Blu and Exile
Give Me My Flowers While I Can Still Smell Them



by Tupik USER (12 Reviews)
November 14th, 2012 | 15 replies

Release Date: 2012 | Tracklist

Review Summary: Blu & Exile manage to follow up their classic debut Below the Heavens with a different-sounding but just as amazing album. A success in every way.

Blu & Exile's Below the Heavens, released in 2007, is considered by many hip-hop heads as a high point of underground Hip-Hop of the last decade, and has put both the Los Angeles-based rapper and producer as one of the most highly regarded actors of the underground scene. Since then, fans have been screaming for a reunion album, but both members have instead been focusing on developing their solo career. Exile has been doing so by forming successful partnerships with other rappers, most notably through 2009's stellar effort with Fashawn (Boy Meets World), but also releasing solo albums to much less fanfare, but keeping the same quality through-and-through. Blu on the other hand, has tried experimenting with different sounds and rapping styles, trying really hard not to be pigeonholed following his sensational entrance on the scene with his fellow producer.

And here we are 5 years later with the follow-up everyone has been waiting for. The most important question when first listening to the album is finding out which direction they decided to take: staying in the lane of Below the Heavens, or branching out to a different feel and sound ? Blu's recent contributions hinted towards the latter, while Exile's, who had mostly been producing the same type of tracks throughout his career, following the seemingly age-old formula of 60s and 70s soul sample-based Hip-Hop, hinted more towards a return to form.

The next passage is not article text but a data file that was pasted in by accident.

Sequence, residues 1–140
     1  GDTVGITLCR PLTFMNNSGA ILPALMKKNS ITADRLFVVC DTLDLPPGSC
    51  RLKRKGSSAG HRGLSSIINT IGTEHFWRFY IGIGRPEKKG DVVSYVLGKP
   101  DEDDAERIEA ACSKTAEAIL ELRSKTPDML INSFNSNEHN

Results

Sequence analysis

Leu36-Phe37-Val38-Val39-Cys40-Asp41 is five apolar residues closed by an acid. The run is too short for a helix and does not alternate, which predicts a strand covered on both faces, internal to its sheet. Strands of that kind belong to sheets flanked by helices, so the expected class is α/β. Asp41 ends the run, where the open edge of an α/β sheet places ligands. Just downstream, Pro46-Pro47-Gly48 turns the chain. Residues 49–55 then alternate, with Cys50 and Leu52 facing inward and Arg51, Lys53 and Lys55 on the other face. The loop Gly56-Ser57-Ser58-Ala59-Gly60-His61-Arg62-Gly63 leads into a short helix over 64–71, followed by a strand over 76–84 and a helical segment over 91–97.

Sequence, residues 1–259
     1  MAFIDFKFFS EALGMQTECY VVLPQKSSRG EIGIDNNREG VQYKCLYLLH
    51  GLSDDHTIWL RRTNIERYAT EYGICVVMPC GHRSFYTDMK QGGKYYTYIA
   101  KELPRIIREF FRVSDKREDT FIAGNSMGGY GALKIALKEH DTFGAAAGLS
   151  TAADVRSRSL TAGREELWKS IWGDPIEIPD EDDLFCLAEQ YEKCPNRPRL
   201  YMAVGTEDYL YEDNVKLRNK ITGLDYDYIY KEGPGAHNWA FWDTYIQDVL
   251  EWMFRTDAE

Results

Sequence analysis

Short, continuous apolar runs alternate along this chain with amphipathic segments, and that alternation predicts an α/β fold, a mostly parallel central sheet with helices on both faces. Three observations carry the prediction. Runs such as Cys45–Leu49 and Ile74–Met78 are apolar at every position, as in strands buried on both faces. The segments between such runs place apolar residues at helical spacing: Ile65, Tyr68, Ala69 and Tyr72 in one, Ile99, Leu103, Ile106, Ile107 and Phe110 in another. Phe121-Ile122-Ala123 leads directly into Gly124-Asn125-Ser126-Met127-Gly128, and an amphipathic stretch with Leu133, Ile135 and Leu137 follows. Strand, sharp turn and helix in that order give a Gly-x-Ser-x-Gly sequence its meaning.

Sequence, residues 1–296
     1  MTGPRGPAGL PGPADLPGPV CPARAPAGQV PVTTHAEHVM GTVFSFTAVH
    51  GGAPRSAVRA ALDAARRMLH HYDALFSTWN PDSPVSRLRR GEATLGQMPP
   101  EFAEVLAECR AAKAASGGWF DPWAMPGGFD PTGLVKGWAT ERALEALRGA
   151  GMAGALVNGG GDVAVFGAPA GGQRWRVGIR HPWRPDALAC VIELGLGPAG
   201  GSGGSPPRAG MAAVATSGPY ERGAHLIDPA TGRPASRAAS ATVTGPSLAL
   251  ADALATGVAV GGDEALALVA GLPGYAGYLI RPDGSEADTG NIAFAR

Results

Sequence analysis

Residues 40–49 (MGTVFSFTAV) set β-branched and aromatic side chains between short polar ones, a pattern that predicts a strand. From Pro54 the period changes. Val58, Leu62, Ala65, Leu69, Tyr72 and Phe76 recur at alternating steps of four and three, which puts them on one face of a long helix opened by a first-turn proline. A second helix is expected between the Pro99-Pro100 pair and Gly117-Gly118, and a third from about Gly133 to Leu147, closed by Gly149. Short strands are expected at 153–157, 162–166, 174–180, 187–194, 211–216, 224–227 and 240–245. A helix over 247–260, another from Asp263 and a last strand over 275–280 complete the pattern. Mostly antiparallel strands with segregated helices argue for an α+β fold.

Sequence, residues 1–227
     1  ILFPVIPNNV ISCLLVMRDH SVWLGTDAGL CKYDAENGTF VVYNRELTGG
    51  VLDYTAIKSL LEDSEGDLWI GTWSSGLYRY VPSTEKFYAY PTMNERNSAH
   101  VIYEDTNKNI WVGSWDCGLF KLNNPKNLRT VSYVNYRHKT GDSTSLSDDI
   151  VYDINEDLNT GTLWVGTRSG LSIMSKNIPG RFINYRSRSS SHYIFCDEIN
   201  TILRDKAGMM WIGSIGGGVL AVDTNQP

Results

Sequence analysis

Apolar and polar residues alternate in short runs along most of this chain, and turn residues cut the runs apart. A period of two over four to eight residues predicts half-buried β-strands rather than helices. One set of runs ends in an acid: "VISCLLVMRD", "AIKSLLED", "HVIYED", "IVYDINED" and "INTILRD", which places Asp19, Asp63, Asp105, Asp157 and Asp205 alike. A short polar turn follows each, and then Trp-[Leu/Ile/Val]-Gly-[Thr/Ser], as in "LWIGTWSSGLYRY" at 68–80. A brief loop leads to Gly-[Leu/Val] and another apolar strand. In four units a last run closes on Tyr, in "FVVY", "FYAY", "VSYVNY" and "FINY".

Thankfully, Give Me My Flowers... is right smack dab in the middle, keeping the same soulfulness that worked so well on their debut, but changing it up just enough so it is not a do-over. That Blu was able to change his style is of no surprise seeing how experimental he has been lately, but seeing Exile try hard to make this album sound different to Below the Heavens is extremely refreshing. While the beats on here are still as relaxing as ever, Exile has switched from the more classic rap beats of their debut to way subtler tunes, sometimes reminiscent of Flying Lotus' latest opus Until the Quiet Comes. The beats are extremely refined, and have many layers to them, making every subsequent listens very rewarding. What this brings to the album is a chilled-out vibe, making it perfect for background listening, while still working great as a straight-up hip-hop album. This is a striking difference with their debut, where the beats were here to support the rapper, while on here the beats and the raps are more or less on the same level of importance (if one can say so), and it makes this album much more intriguing than their debut. This also means that while their are less high points than on their debut, this is much more consistent and all-in-all works slightly better as an album. The couple of instrumental tracks on here are also perfectly inserted in the flow of the album, and Exile's craft is as evidently great as ever on these tracks.